5. Field Mice - If You Need Someone (Sarah)
"Taken from the double 7 inch EP 'The Autumn Store'".
While it's tempting to argue that The Field Mice were a huge cult band at the time, their subsequent influence on bands such as Belle and Sebastian means that their name is even more likely to be uttered by indie kids these days than it was in 1989. Indeed, a compilation of their work "Where'd You Learn To Kiss That Way?" released in 1999 sold more copies than anything released during the group's lifetime.
It would also be tempting to argue that the fey, ponderous approach "If You Need Someone" takes is typical of the group's output, but they actually played around with a wide variety of sounds, as future "Indie Top 20" appearances will prove. There's no question that it's something of a stereotypical Sarah Records release, however - dripping with wide-eyed teenage romance, sensitive promises, buttery guitar lines and plodding drum patterns, it's an indiepop Valentine's card to all women with duffle coats and cute bangs everywhere. And I actually have to confess that as a grown man, I find it slightly tough to get anything out of - this is a dream of a love affair written through the prism of boyish innocence, and it's a pretty listen, but not a very emotionally engaging or inspiring one. Unlike some of their other output, if you created an acoustic version of this and got a female vocalist to take the lead, nobody would really notice anything was up if you put it on a pet food advert in the present day. A strength or a weakness (or a sign that my true vocation lies in soundtracking adverts)? You decide.
6. Pale Saints - Sight Of You (4AD)
"This, the first to benefit from the band's jigsaw theory of song A songwriting pregnant with meaning".
WHAT?! Did "Indie Top 20" get that piece of blurb from a bad translation of a Hungarian music press review?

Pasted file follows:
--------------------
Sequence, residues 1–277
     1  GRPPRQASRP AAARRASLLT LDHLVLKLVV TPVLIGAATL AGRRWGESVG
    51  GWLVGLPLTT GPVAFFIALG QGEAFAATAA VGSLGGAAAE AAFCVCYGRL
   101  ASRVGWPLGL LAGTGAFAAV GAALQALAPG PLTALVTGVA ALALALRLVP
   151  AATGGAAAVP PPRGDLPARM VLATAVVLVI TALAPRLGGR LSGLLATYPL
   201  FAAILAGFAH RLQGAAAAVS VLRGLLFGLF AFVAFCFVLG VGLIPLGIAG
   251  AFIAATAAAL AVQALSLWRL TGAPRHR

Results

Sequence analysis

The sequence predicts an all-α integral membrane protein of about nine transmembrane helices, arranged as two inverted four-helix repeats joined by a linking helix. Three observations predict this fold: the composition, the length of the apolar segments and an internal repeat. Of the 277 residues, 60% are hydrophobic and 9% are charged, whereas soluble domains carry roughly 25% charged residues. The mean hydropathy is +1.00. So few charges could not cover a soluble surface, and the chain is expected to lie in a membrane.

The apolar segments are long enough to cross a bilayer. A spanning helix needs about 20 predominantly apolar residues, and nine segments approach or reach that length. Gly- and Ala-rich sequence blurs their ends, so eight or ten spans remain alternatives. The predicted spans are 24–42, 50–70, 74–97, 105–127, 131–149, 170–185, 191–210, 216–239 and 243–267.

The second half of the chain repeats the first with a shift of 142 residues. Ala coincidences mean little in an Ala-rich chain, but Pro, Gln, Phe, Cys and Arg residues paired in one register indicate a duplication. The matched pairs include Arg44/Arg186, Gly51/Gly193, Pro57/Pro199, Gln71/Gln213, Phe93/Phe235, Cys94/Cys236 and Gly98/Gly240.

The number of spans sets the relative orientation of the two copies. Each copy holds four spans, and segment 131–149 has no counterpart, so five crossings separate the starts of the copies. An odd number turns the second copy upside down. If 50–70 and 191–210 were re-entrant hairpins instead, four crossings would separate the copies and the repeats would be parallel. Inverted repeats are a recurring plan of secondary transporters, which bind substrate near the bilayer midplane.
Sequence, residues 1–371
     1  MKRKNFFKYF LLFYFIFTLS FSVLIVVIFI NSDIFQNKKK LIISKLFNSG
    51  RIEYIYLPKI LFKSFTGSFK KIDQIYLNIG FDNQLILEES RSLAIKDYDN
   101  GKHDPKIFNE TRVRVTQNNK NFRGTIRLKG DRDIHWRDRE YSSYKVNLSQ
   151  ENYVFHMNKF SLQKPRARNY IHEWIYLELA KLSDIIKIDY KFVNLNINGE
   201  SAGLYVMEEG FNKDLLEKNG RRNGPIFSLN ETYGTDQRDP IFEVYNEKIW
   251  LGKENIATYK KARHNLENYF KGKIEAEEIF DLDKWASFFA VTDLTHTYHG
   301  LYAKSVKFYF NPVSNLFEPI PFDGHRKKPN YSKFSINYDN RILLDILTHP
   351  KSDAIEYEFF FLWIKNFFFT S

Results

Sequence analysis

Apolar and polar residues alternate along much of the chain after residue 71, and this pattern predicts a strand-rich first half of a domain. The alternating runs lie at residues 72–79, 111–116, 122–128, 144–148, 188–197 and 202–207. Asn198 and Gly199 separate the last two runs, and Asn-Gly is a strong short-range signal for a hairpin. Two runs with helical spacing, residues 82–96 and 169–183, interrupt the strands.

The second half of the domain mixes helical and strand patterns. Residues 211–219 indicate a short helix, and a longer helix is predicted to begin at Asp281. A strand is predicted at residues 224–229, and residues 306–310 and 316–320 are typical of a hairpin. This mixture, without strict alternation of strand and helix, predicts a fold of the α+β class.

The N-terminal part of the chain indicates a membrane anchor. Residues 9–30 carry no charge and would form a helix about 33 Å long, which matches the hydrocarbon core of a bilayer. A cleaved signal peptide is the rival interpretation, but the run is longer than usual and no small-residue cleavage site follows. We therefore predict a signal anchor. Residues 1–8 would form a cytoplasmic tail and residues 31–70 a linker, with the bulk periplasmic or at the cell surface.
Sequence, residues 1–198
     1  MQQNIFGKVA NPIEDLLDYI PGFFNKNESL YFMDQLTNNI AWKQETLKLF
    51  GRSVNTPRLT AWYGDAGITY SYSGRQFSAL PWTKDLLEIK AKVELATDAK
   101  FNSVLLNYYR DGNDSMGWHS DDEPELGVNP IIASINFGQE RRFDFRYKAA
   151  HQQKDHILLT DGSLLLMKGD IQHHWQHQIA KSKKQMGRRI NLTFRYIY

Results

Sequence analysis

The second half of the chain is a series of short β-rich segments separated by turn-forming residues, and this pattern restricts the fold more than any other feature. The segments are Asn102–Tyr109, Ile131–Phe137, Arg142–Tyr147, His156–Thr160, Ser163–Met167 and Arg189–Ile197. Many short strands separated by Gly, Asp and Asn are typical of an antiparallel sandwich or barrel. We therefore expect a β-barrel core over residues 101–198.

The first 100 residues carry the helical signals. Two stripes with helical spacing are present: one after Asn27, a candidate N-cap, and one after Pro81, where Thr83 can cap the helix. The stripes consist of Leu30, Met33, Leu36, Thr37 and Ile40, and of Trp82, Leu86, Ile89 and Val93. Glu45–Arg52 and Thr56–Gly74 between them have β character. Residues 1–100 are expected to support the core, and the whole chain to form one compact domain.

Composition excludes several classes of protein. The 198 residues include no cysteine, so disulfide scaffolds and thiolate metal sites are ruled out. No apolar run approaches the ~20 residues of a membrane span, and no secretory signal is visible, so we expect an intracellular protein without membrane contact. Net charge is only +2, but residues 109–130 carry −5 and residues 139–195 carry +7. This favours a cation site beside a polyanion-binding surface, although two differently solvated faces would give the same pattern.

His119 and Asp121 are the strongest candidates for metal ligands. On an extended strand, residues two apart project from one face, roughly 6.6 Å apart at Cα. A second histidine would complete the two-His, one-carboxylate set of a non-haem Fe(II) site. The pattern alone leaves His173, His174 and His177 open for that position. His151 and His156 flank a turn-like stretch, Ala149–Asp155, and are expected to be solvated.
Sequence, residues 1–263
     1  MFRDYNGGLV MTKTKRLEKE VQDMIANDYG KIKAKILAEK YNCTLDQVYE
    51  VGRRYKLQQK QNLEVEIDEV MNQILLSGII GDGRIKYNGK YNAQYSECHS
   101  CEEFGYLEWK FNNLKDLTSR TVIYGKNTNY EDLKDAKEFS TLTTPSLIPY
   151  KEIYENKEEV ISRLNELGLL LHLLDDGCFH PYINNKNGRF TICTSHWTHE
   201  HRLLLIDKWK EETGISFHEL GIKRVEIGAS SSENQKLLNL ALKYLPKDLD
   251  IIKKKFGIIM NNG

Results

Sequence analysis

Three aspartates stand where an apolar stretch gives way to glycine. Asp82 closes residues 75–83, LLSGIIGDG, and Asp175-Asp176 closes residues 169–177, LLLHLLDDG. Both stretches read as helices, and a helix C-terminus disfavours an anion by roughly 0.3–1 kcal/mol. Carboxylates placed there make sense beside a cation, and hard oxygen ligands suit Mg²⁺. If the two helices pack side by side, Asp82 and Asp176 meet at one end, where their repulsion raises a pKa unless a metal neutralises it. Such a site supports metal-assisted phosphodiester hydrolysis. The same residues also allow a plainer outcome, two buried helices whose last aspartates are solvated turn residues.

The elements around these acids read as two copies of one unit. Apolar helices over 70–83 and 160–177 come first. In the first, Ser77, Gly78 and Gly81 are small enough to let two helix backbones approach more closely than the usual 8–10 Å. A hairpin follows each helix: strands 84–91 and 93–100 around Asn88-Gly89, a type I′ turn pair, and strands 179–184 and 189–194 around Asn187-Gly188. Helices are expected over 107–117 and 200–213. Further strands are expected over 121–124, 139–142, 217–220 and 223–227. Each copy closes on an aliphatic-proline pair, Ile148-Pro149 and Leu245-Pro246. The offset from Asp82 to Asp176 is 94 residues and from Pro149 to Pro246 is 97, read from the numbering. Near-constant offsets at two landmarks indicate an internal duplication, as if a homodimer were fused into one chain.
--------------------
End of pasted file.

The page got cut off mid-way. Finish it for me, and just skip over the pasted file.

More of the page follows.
Anyway, "Sight Of You", from their "Barging Into The Presence Of God" EP, was such a huge track at the time that it hung around the Indie Top 10 seemingly forever, and featured in the final 10 of John Peel's 1989 Festive Fifty.
Along with the work of My Bloody Valentine, there's an arguable case to be made for it being one of the first "shoegazing" tracks as well. The droning organ, buried and cherubic vocals, and finally the sheer wall of guitars that hits you at the track's end seem to predict the emergence of sonic atmospherics rather than funky beats. That bassline, which almost appears to be leading the melody in places rather than anchoring it, obviously owed a bigger debt to Peter Hook, however.
Given the relative success of the track at the time, it's slightly surprising that it's heard so infrequently now, and also that Pale Saints failed to really build on it. Subsequent singles - more on those when we get to them - are actually much more adventurous and interesting in my opinion, but the group's appeal never did become as large as their early promise seemed to indicate. "Sight Of You" really should be regarded as one small element in their career rather than their crowning glory, but it's possible that the group paid the price for arriving with a certain type of noise far too early.